By Fitzgerald Lovett
“Seek the shalom of the city where I have sent you, for in it’s shalom, you will find your shalom.” — Jeremiah 29:7
Communities of Shalom, a community development initiative of the United Methodist Church, was a response to the conditions and aftermath of the Los Angeles rioting in 1992. The Shalom Movement today addresses four areas: Community economic development, eradicating racism and classism, congregational spiritual development and health and healing.
The Communities of Shalom program shares a vision of revitalized neighborhoods and engaged congregations together with urban, rural and suburban partners that seek renewal. Communities of Shalom are built on four principles:
• Faith in action
• Asset-based community development
• Systemic change
With these principles in mind, groups are trained to recognize neighborhoods' strengths. Communities then develop a plan that will encourage growth and development. Communities of Shalom commit to work together as a partnership of congregations, nonprofit organizations, community members and other groups who are vested in building strong and diverse relationships. Communities of Shalom also recognize that there are underlying policies and systems that block people from creating equitable relationships. Through community organizing strategies, neighbors can work together to seek change.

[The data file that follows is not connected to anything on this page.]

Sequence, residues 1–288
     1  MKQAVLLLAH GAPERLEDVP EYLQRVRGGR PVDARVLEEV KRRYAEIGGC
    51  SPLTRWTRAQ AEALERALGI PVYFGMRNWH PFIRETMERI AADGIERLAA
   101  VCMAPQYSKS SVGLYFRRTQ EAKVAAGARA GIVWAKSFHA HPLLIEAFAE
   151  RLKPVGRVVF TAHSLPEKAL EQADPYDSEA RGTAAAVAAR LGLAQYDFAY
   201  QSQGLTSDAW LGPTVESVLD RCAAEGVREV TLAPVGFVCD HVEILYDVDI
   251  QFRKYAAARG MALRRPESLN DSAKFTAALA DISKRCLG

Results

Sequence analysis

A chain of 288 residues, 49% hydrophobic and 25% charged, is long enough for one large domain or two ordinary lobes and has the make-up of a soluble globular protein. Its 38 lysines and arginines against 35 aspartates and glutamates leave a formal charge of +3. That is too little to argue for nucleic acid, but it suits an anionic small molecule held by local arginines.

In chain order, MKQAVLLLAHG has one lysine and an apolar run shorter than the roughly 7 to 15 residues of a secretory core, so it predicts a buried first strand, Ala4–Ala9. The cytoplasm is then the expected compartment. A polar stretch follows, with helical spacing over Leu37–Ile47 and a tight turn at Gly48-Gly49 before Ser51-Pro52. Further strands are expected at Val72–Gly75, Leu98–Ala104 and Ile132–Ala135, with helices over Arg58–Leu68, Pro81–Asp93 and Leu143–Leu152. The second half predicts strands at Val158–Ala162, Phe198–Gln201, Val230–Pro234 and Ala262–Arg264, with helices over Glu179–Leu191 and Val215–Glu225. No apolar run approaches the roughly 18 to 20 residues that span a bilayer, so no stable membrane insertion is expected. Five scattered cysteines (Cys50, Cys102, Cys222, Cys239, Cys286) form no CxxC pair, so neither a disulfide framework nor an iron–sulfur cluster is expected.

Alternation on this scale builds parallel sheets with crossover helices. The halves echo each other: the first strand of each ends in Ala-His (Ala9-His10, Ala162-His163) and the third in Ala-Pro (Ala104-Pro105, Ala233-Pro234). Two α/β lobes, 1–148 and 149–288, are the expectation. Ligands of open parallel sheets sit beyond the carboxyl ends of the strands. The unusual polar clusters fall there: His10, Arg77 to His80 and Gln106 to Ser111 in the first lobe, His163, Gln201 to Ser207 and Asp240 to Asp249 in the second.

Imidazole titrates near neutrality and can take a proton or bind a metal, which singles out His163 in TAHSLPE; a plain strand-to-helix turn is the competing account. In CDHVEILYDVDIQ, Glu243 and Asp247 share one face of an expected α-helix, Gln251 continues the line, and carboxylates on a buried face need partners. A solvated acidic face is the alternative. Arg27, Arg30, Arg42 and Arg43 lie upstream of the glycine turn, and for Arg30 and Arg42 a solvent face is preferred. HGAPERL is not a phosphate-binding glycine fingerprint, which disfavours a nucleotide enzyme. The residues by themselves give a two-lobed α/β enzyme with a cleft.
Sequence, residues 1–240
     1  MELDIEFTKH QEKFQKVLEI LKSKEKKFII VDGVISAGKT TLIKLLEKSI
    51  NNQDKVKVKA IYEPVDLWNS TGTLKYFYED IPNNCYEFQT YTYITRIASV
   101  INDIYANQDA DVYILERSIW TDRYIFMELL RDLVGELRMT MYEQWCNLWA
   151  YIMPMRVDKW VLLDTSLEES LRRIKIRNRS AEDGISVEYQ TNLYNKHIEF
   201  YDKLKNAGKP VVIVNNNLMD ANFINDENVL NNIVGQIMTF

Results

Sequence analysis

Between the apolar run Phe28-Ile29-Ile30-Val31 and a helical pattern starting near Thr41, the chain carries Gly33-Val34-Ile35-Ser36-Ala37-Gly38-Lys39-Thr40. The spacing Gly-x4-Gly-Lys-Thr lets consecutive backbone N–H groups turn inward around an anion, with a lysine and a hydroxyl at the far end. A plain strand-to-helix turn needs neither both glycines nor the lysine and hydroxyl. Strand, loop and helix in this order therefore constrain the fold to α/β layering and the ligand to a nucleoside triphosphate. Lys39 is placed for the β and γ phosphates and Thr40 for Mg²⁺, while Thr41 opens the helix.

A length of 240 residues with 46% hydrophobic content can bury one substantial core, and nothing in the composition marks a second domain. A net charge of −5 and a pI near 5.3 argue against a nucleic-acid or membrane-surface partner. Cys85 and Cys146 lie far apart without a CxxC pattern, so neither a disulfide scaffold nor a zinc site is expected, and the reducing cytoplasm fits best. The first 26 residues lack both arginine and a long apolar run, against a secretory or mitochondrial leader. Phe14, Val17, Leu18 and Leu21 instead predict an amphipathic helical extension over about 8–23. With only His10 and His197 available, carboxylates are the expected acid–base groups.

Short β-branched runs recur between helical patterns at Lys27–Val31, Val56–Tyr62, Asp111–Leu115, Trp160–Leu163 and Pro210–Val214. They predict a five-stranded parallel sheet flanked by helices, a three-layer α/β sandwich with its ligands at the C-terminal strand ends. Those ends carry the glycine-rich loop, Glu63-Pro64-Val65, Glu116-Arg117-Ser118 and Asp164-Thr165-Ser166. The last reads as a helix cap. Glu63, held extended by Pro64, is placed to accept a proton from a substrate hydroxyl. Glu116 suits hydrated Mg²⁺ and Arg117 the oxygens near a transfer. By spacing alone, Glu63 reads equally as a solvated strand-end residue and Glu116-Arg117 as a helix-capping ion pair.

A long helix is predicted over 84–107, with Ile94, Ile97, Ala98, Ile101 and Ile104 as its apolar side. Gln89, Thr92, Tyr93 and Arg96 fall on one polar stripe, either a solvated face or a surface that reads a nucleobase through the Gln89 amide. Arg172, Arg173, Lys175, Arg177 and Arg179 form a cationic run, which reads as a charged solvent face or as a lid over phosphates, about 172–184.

Communities of Shalom is coordinated through Drew University and in consultation with the National Shalom Committee. The General Board of Global Ministries had administered the Shalom Initiative for 15 years in collaboration with the National Shalom Committee. Global Ministries will continue as a partner, providing significant funding for the next two years. The new partnership with Drew University was announced jointly by Bishop John School of Washington, D.C,. chair of the National Shalom Committee, and Dr. Maxine Beach, vice president and dean of Drew Theological School. The new arrangement became effect in January.
The Mississippi Conference is now accepting applications from churches that wish to start or reactivate a Community of Shalom. You may receive an application by contacting me at 662-354-0515, ext. 29. The deadline to apply is July 30.
Lovett serves as pastor of Middlebrook United Methodist Church and serves on the conference staff working with Strengthening the Black Church and racial reconciliation.